Ref: Le Monde
Shlomo Sand is professor of history at Tel Aviv university and the author of Comment le people juif fut inventé (Fayard, Paris, 2008)

Also read “are-the-jews-an-invented-people” by Shlomo Sand

(1) The Torah, from the Hebrew root yara (to teach) is the founding text of Judaism. It consists of the first five books of the Old Testament (the Pentateuch): Genesis, Exodus, Leviticus, Numbers and Deuteronomy.

(2) See David Ben Gurion and Yitzhak Ben Zvi, Eretz Israel in the past and present, 1918 (in Yiddish), and Jerusalem, 1980 (in Hebrew); Yitzhak Ben Zvi, Our population in the country, Executive Committee of the Union for Youth and the Jewish National Fund, Warsaw, 1929 (in Hebrew).

(3) The Mishnah, regarded as the first work of rabbinic literature, was drawn up around 200 AD. The Talmud is a synthesis of rabbinic discussions on the law, customs and history of the Jews. The Palestinian Talmud was written between the 3rd and 5th centuries; the Babylonian Talmud was compiled at the end of the 5th century.

(4) Yiddish, spoken by the Jews of eastern Europe, was a Germano-Slavic language incorporating Hebrew words.

Judaism is universal

Avraham Burg is the scourge of the Israeli establishment. Though he has been in turn a prominent leader of the Labour Party, chairman of the World Zionist Organisation and speaker of the Knesset, he regularly expresses opinions at odds with those of most of his fellow Israelis. Burg lost hope of influencing those in power and quit politics in 2004.

The views he expresses in his latest book The Holocaust Is Over: We Must Rise from Its Ashes (to be published by Macmillan in autumn 2008) are brutally frank. On the occupation of the Palestinian territories he writes: “For years I tempered my position to avoid a breach within Israeli society. I have now changed. Today I ask: are [all Jews] my brothers? My answer is no… Since the Shoah, I believe there is no such thing as genetic Judaism, only Jewish values… Even if they are circumcised and respect the Sabbath and the Ten Commandments, the wicked occupiers are not my brothers.”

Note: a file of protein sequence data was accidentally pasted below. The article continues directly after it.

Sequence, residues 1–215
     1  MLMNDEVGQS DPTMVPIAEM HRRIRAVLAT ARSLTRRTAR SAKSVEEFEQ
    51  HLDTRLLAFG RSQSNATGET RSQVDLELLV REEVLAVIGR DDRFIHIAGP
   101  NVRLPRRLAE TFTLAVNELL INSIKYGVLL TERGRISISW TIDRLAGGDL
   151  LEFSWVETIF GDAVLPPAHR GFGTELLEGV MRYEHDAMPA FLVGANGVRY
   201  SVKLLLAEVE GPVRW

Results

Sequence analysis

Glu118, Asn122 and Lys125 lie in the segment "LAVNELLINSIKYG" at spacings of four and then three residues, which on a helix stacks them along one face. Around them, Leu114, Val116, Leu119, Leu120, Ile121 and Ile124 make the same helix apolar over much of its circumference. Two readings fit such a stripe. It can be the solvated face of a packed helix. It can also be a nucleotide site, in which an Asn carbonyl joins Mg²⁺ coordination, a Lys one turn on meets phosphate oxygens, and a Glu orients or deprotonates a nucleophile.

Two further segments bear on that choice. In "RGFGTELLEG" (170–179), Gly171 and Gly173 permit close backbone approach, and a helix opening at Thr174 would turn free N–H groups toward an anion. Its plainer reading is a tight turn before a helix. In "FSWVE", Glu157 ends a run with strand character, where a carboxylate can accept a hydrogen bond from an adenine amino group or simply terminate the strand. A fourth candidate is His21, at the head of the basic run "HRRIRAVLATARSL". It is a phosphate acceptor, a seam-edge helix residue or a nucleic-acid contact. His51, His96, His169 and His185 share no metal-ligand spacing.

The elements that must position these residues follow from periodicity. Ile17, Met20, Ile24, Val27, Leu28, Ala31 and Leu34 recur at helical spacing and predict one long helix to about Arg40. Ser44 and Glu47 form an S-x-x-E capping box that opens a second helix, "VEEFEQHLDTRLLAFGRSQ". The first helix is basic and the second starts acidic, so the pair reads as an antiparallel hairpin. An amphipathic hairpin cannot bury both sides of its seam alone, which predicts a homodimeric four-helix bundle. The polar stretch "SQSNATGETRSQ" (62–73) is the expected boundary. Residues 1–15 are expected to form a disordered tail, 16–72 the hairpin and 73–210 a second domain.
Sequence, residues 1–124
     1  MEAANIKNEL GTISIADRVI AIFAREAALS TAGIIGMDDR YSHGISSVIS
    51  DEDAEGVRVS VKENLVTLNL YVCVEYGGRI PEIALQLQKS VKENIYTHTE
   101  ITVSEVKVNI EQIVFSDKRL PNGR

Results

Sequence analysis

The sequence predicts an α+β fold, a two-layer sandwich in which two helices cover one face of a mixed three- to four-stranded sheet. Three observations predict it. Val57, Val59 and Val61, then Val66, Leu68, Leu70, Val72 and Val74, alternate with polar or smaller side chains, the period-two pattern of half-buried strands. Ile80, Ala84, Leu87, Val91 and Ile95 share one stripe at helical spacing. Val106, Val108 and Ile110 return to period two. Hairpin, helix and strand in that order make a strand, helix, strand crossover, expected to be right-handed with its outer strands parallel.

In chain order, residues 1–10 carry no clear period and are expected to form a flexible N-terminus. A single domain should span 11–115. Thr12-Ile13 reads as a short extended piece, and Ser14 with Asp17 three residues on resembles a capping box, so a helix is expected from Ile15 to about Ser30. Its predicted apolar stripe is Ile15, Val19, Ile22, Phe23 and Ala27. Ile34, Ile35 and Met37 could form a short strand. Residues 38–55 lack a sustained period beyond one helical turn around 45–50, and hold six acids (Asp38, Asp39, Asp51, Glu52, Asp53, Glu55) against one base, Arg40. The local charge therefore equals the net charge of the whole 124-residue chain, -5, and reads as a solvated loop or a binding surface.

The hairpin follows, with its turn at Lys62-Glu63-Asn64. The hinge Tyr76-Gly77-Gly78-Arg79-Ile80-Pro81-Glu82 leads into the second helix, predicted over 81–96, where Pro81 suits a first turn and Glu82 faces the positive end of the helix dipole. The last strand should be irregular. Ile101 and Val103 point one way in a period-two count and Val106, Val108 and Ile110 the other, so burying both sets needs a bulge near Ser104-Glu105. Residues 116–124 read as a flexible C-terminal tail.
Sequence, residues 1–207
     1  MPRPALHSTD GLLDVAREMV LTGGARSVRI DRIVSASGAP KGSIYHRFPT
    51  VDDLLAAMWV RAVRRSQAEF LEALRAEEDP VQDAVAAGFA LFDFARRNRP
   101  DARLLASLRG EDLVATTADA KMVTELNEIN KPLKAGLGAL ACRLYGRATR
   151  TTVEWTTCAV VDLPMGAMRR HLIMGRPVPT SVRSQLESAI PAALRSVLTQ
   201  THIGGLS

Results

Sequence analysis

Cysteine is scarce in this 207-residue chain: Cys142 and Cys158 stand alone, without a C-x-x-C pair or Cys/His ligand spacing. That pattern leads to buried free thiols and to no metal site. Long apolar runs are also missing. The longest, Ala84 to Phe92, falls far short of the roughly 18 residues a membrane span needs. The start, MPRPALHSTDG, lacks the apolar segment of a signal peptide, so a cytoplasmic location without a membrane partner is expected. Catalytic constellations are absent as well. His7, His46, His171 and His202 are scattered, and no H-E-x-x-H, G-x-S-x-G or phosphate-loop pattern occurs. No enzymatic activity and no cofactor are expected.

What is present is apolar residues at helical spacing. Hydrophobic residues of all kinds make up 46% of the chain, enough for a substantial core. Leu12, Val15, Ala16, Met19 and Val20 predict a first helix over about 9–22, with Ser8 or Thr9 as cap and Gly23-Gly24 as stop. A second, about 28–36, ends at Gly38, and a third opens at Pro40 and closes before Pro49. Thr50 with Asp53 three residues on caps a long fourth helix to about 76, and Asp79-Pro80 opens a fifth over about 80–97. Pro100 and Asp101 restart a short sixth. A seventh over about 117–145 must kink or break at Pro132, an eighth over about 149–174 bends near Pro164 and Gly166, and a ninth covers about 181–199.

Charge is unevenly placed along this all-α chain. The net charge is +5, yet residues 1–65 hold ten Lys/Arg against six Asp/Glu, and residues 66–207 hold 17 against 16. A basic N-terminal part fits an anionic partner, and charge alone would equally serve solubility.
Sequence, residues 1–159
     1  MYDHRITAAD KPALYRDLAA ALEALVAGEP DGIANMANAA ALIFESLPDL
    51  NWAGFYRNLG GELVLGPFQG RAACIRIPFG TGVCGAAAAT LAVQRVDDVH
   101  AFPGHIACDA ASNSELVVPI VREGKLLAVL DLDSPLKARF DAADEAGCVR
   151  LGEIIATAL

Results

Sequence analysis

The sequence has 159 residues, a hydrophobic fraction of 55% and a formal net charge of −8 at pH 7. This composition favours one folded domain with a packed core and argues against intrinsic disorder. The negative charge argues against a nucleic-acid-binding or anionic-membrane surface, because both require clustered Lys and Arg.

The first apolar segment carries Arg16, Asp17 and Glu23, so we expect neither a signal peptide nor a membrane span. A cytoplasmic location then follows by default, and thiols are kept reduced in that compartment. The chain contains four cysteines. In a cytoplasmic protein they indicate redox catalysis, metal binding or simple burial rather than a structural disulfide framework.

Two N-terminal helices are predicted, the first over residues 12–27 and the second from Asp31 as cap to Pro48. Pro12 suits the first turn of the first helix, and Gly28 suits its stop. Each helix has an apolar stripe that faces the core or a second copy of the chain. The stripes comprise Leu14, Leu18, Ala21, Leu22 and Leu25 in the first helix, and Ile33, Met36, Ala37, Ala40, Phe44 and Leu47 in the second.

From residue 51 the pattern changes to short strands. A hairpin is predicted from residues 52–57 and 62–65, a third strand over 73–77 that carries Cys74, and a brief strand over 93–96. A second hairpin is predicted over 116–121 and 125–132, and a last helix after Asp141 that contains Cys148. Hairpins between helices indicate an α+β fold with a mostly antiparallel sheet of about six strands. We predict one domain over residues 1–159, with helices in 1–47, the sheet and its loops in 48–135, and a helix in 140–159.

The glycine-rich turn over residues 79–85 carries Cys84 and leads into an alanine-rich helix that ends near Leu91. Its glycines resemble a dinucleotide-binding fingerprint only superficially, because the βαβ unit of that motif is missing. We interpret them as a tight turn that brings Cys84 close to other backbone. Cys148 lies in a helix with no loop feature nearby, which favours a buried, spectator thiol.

Throughout the book Burg contrasts the “Judaism of the ghetto”, whose racism he deplores, with “universal Judaism”, whose humanism he supports. He rejects the Old Testament notion that the Jews are God’s chosen people, as that amounts to a claim of racial superiority. “The cancer of racism is eating away at us,” he told the Israeli daily Yedioth Aharonoth in 2003. He has also written that the terrible tragedy of the Shoah demonstrated that Jehovah was not the protector of the chosen people any more than He was responsible for their misfortunes. He believes in a God who has given man the power of decision-making and thus responsibility for his actions.

Burg is the son of a universally respected rabbi who was leader of the National Religious Party and its representative in the Knesset in nearly every government since the creation of the state of Israel in 1948. Burg himself was educated in a yeshiva (religious school) and his work quotes liberally from the Torah and the Talmud to show that holy texts can often be misinterpreted and distorted, or simply have lost their relevance.